The North Dakota House endorsed a bill Monday that will cut an exemption for oil companies if crude prices continue to slide, in exchange for a lower and permanent flat tax rate.
The House voted 57-32 to approve the measure that supporters believe offers predictability in crafting budgets, while opponents say it could cost the state billions of dollars in oil tax revenue in the long run.
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Democrats and leaders from the oil-rich Fort Berthold Indian Reservation in western North Dakota oppose the bill by the Republican-controlled Legislature that would restructure oil taxes as a hedge against falling crude prices.
"This is good policy," said Fargo Rep. Al Carlson, North Dakota's Republican House majority leader and the primary sponsor of the bill. "It creates a stable environment."
But Senate Minority Leader Mac Schneider, D-Grand Forks, said the proposal is "artificial and unwise" and will cost North Dakotans "tens of billions of dollars over the life of the Bakken."
The measure was introduced Friday, just 10 days before the state constitution's 80-day limit is imposed.
The proposal would permanently lower an extraction tax on oil by more than 30 percent instead of allowing a tax exemption to take effect that would be only temporary if oil prices rebound.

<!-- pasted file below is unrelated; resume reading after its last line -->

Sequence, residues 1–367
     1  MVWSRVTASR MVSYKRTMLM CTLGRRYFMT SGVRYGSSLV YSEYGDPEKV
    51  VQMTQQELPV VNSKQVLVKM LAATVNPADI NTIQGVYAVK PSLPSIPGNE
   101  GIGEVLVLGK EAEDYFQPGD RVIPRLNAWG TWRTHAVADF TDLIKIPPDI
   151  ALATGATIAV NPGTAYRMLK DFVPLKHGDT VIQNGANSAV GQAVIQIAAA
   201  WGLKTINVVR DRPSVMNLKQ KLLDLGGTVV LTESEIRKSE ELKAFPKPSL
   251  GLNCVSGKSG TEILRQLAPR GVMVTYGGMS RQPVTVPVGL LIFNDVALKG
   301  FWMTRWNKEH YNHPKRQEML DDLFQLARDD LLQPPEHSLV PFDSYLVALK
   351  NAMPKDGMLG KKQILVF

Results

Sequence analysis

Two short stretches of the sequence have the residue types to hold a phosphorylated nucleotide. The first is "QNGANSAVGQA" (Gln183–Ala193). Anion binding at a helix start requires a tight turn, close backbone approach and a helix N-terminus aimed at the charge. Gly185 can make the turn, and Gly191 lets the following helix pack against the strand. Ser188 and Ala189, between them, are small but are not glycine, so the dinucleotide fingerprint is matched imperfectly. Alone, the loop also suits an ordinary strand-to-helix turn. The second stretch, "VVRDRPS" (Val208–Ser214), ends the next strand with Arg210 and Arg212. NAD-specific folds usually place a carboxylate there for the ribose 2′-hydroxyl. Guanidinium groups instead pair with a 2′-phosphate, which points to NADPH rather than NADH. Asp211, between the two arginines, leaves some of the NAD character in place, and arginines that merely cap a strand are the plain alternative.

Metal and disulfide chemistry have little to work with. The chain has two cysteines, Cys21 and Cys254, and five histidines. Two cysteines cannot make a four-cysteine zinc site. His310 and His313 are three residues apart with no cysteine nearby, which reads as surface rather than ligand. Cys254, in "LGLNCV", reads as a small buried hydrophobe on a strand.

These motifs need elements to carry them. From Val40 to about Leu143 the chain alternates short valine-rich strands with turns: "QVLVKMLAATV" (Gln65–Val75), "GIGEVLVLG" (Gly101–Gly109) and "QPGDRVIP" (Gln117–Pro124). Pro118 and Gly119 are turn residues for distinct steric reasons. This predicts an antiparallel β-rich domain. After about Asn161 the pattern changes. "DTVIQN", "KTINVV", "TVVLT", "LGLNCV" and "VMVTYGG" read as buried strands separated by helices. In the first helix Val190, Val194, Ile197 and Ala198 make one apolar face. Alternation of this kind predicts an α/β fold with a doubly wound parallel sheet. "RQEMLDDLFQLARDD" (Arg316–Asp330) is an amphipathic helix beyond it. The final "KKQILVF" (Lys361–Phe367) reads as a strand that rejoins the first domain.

State budget analysts estimate that eliminating exemption would add $120 million in the next two-year budget cycle that begins July 1.
Oil industry representatives have pushed for an immediate change to a flat tax rate. Ron Ness, president of the North Dakota Petroleum Council, offered an amendment to the measure that would impose a flat tax on oil production at 9 percent. The House, however, did not accept it.
One-third of North Dakota's oil production comes from the Fort Berthold Indian Reservation. Three Affiliated Tribes Chairman Mark Fox said the tribes are opposed to the bill and will consider pulling out of a shared tax compact with the state if the bill becomes law.
North Dakota lawmakers acknowledge the state's present oil tax system is outdated and confusing, with exemptions and incentives that were put in place in even bleaker times and long before the state's current oil boom that began in earnest less than a decade ago.
The law has two principal oil taxes, a 5 percent production tax and a 6.5 percent extraction tax, which was imposed by a 1980 voter initiative during a previous oil boom. Both taxes are applied to the oil's value when it is produced, although the proceeds are split up differently among the state and local governments.
A state law forgives the extraction tax if the five-month average price of oil slips below a "trigger" price of $55.09. That trigger is expected to kick in June 1. Republicans want to lower the extraction tax permanently to 4.5 percent if the average price falls below that trigger, instead of giving companies the tax break.
North Dakota sweet crude was fetching about $56 on Monday but has been well below that in recent weeks.
Under the current tax system, the $55.09 average monthly price would have to be exceeded for five straight months before the extraction tax resumes. Economic consultants who have helped estimate North Dakota's tax collections have estimated the trigger would be in effect from June through April 2016, costing the state an estimated $863 million in lost revenue during that time.